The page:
The available amount of solar energy for homes in your area will be a factor in your choice of residential solar systems.
Residential solar power systems can heat, power, and light your home. But how do you decide which type of system is right for you?
One factor to consider is your home's solar potential.
What is solar potential? It is simply the available amount of solar power for homes in your region as well as your home's specific location.
The amount of sunlight your home receives will vary due to many reasons, but the three most significant reasons for this variation are...
Where your home is located is the main factor that determines the amount of sunlight it will receive each day. Your home's location relative to the Earth's equator is denoted by its latitude.
Latitude is a location's angular measurement north or south of the equator ranging from 0° to 90°. At the equator, latitude is 0°. At the North or South poles, the latitude is 90°.
Locations that are closer to the equator receive more sunlight than those that are further away.
Also, due to the Earth's 23.5° rotational tilt, the amount of sunshine a particular latitude receives changes with the seasons. In April through September, the Northern hemisphere is tilted towards the Sun and will receive more sunlight than during other months of the year.
Latitude can impact the type of solar energy solutions best suited for your home.
For example, homes located in lower latitudes will receive more sunlight throughout the year which will result in more moderate temperatures. As a result, solar electricity solutions are more applicable than solar heating solutions in those regions.
As you can see, latitude is also the main factor that determines a region's climate.
Climate will also impact the amount of sunshine your home receives.
Climate refers to the long-term weather patterns of a specific region.
Understanding your region's climate is important during the design of your system. Some climate factors to consider are...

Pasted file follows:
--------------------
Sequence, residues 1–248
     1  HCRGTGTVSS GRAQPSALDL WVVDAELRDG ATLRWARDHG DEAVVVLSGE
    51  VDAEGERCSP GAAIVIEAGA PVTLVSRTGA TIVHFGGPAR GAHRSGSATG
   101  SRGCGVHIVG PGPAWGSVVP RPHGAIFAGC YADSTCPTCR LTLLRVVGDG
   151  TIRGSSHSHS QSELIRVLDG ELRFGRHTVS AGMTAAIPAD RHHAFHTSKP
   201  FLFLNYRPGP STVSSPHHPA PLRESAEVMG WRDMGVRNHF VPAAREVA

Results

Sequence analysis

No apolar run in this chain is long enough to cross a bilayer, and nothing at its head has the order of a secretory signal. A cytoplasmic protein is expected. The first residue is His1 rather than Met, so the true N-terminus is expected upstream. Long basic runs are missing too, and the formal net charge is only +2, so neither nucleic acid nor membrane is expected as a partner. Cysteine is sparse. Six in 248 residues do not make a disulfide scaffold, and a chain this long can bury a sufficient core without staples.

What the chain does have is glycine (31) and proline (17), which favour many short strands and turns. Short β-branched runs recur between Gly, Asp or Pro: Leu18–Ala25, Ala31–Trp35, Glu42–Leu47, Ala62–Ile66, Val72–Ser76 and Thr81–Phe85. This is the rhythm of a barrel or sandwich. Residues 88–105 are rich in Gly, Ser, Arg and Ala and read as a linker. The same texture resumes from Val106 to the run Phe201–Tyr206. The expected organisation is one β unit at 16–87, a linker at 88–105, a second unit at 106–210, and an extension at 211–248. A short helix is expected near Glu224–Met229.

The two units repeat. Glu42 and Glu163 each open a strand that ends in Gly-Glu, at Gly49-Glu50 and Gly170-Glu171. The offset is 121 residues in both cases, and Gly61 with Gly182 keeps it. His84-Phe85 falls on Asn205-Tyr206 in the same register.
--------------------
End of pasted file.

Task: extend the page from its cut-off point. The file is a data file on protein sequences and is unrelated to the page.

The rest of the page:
Climate factors can impact the performance of your system as well as be a factor in how the equipment is installed.
For example, if you live in a windy climate and you are planning to install solar power panels or solar collectors, you will need to use heavy-duty mounting equipment to ensure the equipment can withstand the strong winds in your region.
Home solar power systems can also be impacted by site-specific factors. Examples of site-specific factors include adjacent buildings, mountains, and trees.
You can use a sun chart to plot the amount of direct sunlight you can expect over the course of a day. You can also add a skyline to your sun chart which will take into account any site-specific impediments to the amount of direct sunlight you have available.
Site-specific factors can impact where you place your solar equipment.
For example, if you are interested in outdoor solar lighting, you want to make sure that the lights are placed in areas where trees or walls will not block the sunlight from hitting their photovoltaic panels.
If you're interested in residential solar energy, understanding your home's solar potential can help you decide which types of solar energy are best suited for you.